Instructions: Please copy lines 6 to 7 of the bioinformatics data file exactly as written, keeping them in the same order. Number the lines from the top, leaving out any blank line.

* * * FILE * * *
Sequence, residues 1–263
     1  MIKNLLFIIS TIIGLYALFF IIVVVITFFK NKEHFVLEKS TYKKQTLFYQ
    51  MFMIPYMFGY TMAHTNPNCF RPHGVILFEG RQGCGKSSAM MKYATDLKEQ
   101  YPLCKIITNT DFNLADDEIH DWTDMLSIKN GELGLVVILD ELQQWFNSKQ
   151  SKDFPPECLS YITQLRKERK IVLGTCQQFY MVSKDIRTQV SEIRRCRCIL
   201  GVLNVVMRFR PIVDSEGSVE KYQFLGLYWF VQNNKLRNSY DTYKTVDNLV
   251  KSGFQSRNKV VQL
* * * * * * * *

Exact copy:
   201  GVLNVVMRFR PIVDSEGSVE KYQFLGLYWF VQNNKLRNSY DTYKTVDNLV
   251  KSGFQSRNKV VQL